‘We are talking to Pakistani authorities. A formal meeting to open the border is scheduled for today, and hopefully, it will open in a day or two,’ he said.

The crossing provides direct access to Pakistan’s Balochistan province – where the Taliban’s top leadership has been based for decades – along with an unknown number of reserve fighters who regularly enter Afghanistan to help bolster their ranks. 

A major highway leading from the border connects to Pakistan’s commercial capital Karachi and its sprawling port on the Arabian Sea, which is considered a linchpin for Afghanistan’s billion-dollar heroin trade that has provided a crucial source of revenue for the Taliban’s war chest over the years. 

Spin Boldak was the latest in a string of border crossings and dry ports seized by the insurgents in recent weeks as they look to choke off revenues much-needed by Kabul while also filling their own coffers.

‘The bazaar is closed and traders are scared that the situation will turn bad,’ Mohammad Rasoul, a trader in Spin Boldak, told AFP by phone.

‘They fear that their products will be looted. There are scores of opportunists waiting to loot.’

Muska Dastageer, a lecturer at the American University of Afghanistan, said the Taliban ceasefire offer was a likely attempt by them to consolidate the positions they have gained so swiftly in recent weeks.

‘A ceasefire now would effectively prohibit ANDSF from retaking the crucial border points which Taliban have captured recently,’ she tweeted, referring to Afghan forces.

‘I think the timing of this ceasefire offer has more to do with their wish to consolidate power over these areas.’

Spin Boldak was the latest in a string of border crossings and dry ports seized by the insurgents in recent weeks as they look to choke off revenues much-needed by Kabul while also filling their own coffers (pictured, Afghan soldiers at a checkpoint near Spin Boldak)

Spin Boldak was the latest in a string of border crossings and dry ports seized by the insurgents in recent weeks as they look to choke off revenues much-needed by Kabul while also filling their own coffers (pictured, Afghan soldiers at a checkpoint near Spin Boldak)

Spin Boldak was the latest in a string of border crossings and dry ports seized by the insurgents in recent weeks as they look to choke off revenues much-needed by Kabul while also filling their own coffers (pictured, Afghan soldiers at a checkpoint near Spin Boldak)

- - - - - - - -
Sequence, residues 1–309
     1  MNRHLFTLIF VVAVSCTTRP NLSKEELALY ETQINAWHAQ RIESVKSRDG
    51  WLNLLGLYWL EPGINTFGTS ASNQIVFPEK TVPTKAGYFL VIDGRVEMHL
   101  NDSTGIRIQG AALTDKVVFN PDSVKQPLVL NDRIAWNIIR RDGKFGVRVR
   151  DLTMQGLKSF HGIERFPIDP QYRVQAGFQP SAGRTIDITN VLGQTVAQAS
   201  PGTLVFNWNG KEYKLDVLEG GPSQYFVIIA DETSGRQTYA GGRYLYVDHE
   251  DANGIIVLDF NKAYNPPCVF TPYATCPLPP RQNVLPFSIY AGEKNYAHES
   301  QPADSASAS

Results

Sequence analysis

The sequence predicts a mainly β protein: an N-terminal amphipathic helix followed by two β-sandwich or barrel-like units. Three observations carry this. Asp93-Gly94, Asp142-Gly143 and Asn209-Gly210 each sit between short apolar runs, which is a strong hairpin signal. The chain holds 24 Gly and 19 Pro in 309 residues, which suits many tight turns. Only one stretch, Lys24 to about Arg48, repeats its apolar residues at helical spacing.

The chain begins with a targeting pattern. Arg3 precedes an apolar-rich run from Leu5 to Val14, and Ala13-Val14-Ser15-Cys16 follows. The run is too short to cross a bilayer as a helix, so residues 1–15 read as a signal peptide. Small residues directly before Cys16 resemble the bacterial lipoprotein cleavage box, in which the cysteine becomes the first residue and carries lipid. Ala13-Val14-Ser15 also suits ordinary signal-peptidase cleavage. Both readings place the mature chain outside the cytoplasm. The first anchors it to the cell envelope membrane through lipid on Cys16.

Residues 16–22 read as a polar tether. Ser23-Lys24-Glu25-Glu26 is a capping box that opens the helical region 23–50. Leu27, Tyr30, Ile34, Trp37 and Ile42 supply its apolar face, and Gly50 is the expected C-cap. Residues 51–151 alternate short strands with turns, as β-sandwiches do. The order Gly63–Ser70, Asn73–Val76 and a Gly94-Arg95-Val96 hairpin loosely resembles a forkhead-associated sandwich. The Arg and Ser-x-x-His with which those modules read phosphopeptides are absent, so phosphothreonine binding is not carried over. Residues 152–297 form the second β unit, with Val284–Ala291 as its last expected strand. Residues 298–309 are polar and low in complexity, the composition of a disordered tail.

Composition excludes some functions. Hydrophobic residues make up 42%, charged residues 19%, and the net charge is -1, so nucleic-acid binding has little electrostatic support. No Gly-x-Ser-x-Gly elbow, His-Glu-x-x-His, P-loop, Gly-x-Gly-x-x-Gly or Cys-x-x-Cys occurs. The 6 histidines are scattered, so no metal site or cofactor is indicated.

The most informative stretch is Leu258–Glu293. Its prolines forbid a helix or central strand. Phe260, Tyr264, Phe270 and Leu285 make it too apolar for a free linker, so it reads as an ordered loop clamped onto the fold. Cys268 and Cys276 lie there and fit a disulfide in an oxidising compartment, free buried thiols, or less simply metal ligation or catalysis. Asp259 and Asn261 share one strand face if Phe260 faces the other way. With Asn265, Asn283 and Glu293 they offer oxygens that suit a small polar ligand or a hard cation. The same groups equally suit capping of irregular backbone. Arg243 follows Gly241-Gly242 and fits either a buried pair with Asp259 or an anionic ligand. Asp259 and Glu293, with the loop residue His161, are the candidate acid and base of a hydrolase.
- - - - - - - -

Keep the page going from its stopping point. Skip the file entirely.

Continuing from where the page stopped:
Analysts speculated a ceasefire would help the Taliban consolidate their territory (pictured, an Afghan soldier keeps watch in an army vehicle at Bagram air base)

Analysts speculated a ceasefire would help the Taliban consolidate their territory (pictured, an Afghan soldier keeps watch in an army vehicle at Bagram air base)

Analysts speculated a ceasefire would help the Taliban consolidate their territory (pictured, an Afghan soldier keeps watch in an army vehicle at Bagram air base)

The Taliban is already enforcing its harsh interpretation of Islamic rule and reverting to its fundamental roots as it makes huge advances across Afghanistan.

Insurgents are issuing new orders to captured territories, banning smoking and beard-shaving and ordering villagers to marry off their daughters to foot soldiers and stopping women from heading out alone.

The Islamist group warned that anyone who breaks the rules ‘will be seriously dealt with’. 

Last month, the Taliban took Shir Khan Bandar, a northern customs post that connected the country to Tajikistan over a US-funded bridge that spanned the Panj river.

Local factory worker Sajeda told AFP: ‘After Shir Khan Bandar fell, the Taliban ordered women not to step out of their homes. 

A statement purporting to come from the Taliban circulated on social media this week ordered villagers to marry off their daughters and widows to the movement’s foot soldiers. 

‘All imams and mullahs in captured areas should provide the Taliban with a list of girls above 15 and widows under 45 to be married to Taliban fighters,’ said the letter, issued in the name of the Taliban’s cultural commission.